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Hometown Heroes: Robert Anderson

Cameron Strause*

The Civil War has deep-rooted historical ties with Kentucky. Most of Kentucky’s longtime residents are aware of the state’s neutral stance and some of the war’s famous figures born in the Bluegrass. United States President Abraham Lincoln and Confederate President Jefferson Davis were both Kentucky natives. Residents have likely heard stories about the famous clash in Perryville, as both sides fought for control of the all-important state. Regardless of what Kentuckians associate the Civil War with, most overlook Louisville’s connection to Fort Sumter, the site of the first battle of the Civil War.

Union General and Civil War Hero Robert Anderson was born on June 14th, 1805, on a 500-acre family estate in Louisville, Kentucky. The estate, known as “Soldiers Retreat”, was built on land granted to Robert’s father and Revolutionary War soldier Richard Clough Anderson Sr. Richard Anderson famously fought in the Battle of Yorktown, the decisive battle in the American Revolution. When Robert grew up, he attended West Point, where he crossed paths with fellow students that would go on to become famous for their service. After graduation, Robert followed in his father’s footsteps by serving his country in the Seminole and Mexican American Wars.

By the time Southern States began to secede in 1861, Anderson was already on path to a successful military career. Robert oversaw Union troops at Ft. Moultrie and Ft. Sumter (near Charleston, South Carolina). The Union General is remembered today for his methodical approach to the First Battle of the Civil War in April 1861. He stood firm, while also striving for peace between forces. Heroically, he had held Ft. Sumter until no resources remained on the island. Surrounded, and with no chance of reinforcements, Robert Anderson was forced to surrender. Even in defeat, he was able to surrender with honor and with no fatalities. Following the conclusion of the Civil War, he was honored at Ft. Sumter for his heroic service to the nation. Unfortunately, the monumental event was overshadowed in American history. On that same day, April 15th, 1865, Abraham Lincoln was assassinated by John Wilkes Booth at Ford’s Theatre.

Robert Anderson’s legacy is better known in Charleston, SC, than in his hometown of Louisville, KY. The story of his courageous service to his country is told to hundreds of tourists every day at Fort Sumter National Monument. The same cannot be said for his hometown of Louisville. However, his legacy is not completely forgotten about in his hometown. Remnants of the Anderson estate, Soldier’s Retreat, remain today. The Anderson home, finished in 1794, had thick limestone walls, built to provide protection from Native American attacks. The estate was hit with a series of misfortunes in the 19th century. An earthquake damaged the home in 1811 and a lightning strike in 1840 destroyed the home beyond repair.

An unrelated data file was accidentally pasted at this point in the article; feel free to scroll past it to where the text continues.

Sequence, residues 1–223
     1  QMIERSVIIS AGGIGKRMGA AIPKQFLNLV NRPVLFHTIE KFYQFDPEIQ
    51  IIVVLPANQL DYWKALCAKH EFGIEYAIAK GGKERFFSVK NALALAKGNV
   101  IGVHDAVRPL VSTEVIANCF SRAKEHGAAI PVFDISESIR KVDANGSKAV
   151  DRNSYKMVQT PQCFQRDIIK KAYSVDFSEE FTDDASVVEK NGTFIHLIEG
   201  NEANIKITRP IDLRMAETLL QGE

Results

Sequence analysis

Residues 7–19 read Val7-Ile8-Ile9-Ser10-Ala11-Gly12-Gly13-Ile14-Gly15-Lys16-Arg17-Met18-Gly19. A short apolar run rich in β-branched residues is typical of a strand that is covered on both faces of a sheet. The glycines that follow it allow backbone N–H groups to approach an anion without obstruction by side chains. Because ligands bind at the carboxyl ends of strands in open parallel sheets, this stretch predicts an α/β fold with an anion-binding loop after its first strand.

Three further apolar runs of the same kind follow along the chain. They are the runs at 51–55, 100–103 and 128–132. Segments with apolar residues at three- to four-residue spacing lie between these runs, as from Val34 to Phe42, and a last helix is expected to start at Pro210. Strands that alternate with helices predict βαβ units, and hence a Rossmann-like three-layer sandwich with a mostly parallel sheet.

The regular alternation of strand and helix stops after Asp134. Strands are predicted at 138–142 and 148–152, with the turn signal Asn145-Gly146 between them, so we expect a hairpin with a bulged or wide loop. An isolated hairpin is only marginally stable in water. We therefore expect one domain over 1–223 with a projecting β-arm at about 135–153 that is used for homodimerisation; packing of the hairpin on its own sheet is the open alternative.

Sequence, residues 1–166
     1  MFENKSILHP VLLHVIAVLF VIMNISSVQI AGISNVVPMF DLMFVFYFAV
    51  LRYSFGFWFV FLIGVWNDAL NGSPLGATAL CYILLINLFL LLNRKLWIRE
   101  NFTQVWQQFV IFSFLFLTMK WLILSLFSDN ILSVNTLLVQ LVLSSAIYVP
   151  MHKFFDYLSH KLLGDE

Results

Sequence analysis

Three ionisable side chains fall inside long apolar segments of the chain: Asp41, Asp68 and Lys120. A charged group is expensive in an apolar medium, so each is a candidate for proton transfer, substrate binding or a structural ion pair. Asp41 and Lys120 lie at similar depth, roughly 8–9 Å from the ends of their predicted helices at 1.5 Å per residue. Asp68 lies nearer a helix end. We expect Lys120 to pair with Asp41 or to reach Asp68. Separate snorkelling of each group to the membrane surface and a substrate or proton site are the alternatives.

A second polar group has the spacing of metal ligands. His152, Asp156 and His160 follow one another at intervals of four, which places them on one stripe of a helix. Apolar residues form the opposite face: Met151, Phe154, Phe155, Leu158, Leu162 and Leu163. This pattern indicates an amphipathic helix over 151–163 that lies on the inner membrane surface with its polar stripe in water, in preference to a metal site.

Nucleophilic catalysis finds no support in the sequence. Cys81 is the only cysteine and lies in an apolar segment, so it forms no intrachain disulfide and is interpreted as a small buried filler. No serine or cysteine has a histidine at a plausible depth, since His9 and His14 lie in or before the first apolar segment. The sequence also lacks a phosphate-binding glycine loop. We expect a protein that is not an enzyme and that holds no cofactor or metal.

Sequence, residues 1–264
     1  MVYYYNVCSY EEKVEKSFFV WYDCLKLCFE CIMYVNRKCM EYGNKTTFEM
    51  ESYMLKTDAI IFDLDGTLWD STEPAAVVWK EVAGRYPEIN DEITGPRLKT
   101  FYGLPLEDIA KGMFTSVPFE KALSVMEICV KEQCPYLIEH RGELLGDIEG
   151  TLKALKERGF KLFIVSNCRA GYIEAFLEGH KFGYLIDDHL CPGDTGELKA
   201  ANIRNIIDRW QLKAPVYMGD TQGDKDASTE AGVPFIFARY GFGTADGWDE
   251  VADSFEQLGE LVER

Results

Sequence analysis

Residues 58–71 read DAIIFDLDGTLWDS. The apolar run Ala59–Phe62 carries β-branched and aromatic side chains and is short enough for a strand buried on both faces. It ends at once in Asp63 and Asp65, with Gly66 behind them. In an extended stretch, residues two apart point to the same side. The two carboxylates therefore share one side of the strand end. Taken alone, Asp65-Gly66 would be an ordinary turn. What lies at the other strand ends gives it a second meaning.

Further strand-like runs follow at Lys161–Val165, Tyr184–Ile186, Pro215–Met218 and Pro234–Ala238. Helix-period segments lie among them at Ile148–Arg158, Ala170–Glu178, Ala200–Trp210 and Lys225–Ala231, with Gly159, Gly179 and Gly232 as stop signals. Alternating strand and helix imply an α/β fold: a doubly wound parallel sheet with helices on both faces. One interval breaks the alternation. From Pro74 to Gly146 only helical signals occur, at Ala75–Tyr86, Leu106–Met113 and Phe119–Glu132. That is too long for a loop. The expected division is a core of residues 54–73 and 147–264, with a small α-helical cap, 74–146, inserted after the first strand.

Ruins of the home were rediscovered in the 1970’s, in present day Hurstbourne. The remains were excavated and used to rebuild the home. The modern reconstruction of the house was commissioned by L. Leroy Highbaugh Jr. near the site of the original Anderson estate in Hurstbourne, Kentucky. The house would later be recognized for its historic value and enlisted on the National Register of Historic Places. This is just one of many National Register listings in the Louisville Metro. I have discussed the criteria and process for National Register nominations in previous articles (Strause, National Register). The reconstructed Soldiers Retreat home and Anderson family cemetery lie nestled within a mile of the Strause Law Group’s Louisville Office. A historical marker stands erect near the site of Soldier’s Retreat. The sign tells the significance of the location and the achievements of Robert Anderson. The marker sits off busy South Hurstbourne Parkway. Hundreds of people unknowingly pass the marker each day. However, those who take the time to read the marker are likely to come to a new understanding of the surrounding area and its surprising connection to the Civil War.

* Research Associate, Strause Law Group, PLLC.

Works Cited

Elson, Martha. “Celebrating Our History: Maj. Robert Anderson.” Journal, 17 Aug. 2014,

“History of Hurstbourne.” City of Hurstbourne, 2 July 2018,

“Hurstbourne.” Historic Louisville Guide, Accessed 6 July 2023.

“Robert Anderson (Civil War).” Wikipedia, 3 July 2023,

“Robert Anderson.” American Battlefield Trust, Accessed 6 July 2023.

Searles, Harry. “Robert Anderson, Biography, Significance, Civil War, Fort Sumter.” American History Central, 28 May 2023,

Soldier’s Retreat – Ky Historical Society, Accessed 6 July 2023.

“Soldier’s Retreat Historical Marker.” Historical Marker, 9 Jan. 2022,